What’s behind Door D? It’s an Endurance Road Bike
Yay! Now, what’s the deal with this? Endurance road bikes are meant to cover distance and to do it as fast, light and efficiently as possible. While they’re not purebred racing machines, they’re all but that bar the high price. Endurance road bikes with drop handlebars, 20-24 gears are made for asphalt with tires for all weathers and conditions on tarmac. They’re light but not necessarily flimsy. Most will cope with anything rough roads have to offer. No other bike can cover the distance like the road bike. One with frames designed for endurance will be more comfortable for longer than those designed purely for racing and events. With these bikes you can climb as long and high as your lungs allow. If you pictured really getting away, like far away on your exercising rides, then you probably put yourself on a road bike. Nothing can touch the speed and efficiency of an endurance road bike.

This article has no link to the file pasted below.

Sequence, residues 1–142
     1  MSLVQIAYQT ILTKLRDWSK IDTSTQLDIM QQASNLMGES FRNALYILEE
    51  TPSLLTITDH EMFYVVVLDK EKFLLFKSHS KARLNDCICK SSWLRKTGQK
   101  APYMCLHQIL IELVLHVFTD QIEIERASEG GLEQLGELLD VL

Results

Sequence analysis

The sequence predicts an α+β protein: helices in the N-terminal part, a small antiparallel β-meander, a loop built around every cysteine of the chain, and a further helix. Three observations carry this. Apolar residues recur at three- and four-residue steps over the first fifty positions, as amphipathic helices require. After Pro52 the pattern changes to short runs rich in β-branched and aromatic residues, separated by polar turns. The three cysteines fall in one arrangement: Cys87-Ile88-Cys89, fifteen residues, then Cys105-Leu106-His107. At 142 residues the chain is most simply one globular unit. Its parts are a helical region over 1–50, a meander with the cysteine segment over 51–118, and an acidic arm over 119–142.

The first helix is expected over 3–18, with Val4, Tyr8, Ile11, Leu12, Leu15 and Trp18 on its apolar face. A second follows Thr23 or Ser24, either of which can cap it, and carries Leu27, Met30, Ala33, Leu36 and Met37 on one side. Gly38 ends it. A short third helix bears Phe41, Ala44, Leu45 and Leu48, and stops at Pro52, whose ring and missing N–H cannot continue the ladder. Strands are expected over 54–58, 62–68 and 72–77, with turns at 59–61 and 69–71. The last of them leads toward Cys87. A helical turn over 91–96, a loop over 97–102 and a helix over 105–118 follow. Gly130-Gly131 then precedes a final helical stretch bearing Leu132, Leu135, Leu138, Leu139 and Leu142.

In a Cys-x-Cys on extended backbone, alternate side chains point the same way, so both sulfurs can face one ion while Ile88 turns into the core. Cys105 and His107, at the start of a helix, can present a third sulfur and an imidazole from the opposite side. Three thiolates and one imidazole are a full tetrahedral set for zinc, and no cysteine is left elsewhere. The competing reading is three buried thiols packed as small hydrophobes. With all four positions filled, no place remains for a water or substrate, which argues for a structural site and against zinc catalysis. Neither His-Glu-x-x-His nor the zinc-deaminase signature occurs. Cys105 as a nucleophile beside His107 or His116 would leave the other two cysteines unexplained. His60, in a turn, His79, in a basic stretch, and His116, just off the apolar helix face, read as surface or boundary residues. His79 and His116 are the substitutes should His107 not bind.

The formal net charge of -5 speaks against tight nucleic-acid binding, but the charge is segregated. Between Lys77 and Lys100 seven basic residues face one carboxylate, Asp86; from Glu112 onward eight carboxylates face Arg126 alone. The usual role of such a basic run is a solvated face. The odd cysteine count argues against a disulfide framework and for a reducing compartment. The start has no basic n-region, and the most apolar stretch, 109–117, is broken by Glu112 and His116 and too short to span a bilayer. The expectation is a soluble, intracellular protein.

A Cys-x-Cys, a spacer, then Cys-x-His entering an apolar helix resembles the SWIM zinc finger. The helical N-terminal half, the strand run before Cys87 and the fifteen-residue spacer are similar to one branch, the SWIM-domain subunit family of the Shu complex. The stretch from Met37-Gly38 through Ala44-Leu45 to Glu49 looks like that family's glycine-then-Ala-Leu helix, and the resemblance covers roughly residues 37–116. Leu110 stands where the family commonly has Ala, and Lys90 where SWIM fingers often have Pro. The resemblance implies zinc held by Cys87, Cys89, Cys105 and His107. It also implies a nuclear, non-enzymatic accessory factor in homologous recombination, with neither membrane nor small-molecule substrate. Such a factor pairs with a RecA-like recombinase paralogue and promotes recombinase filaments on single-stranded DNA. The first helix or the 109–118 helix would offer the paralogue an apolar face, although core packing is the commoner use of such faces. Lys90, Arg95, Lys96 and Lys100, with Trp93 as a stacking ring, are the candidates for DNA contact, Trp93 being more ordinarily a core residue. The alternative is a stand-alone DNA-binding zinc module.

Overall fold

Prices do vary, but even the lowliest models will be anything up to 5kg (11lbs) lighter than the equivalent hardtail MTB.
Just fyi: if you’re not au fait with good bike brands, you might be interested in checking my Road Bike Brands for Beginners article (websites listed). Have a quick browse around that article to see what’s available, I’d be pointing out to you bikes along the lines of Specialized Allez (men’s) or Dolce (women’s) or for something different, Boardman SLR 8.6 available in men’s and women’s also.
So as ever, none of this is meant to be prescriptive. It’s not about the right or wrong choice, it’s just about you getting out there and getting some wonderful exercise and having a hoot while you’re doing it! I’m hopeful this will at least have given you a place to start your own research. I’d love to hear your experiences. Meantime, all the very best, ride safe and have fun, David.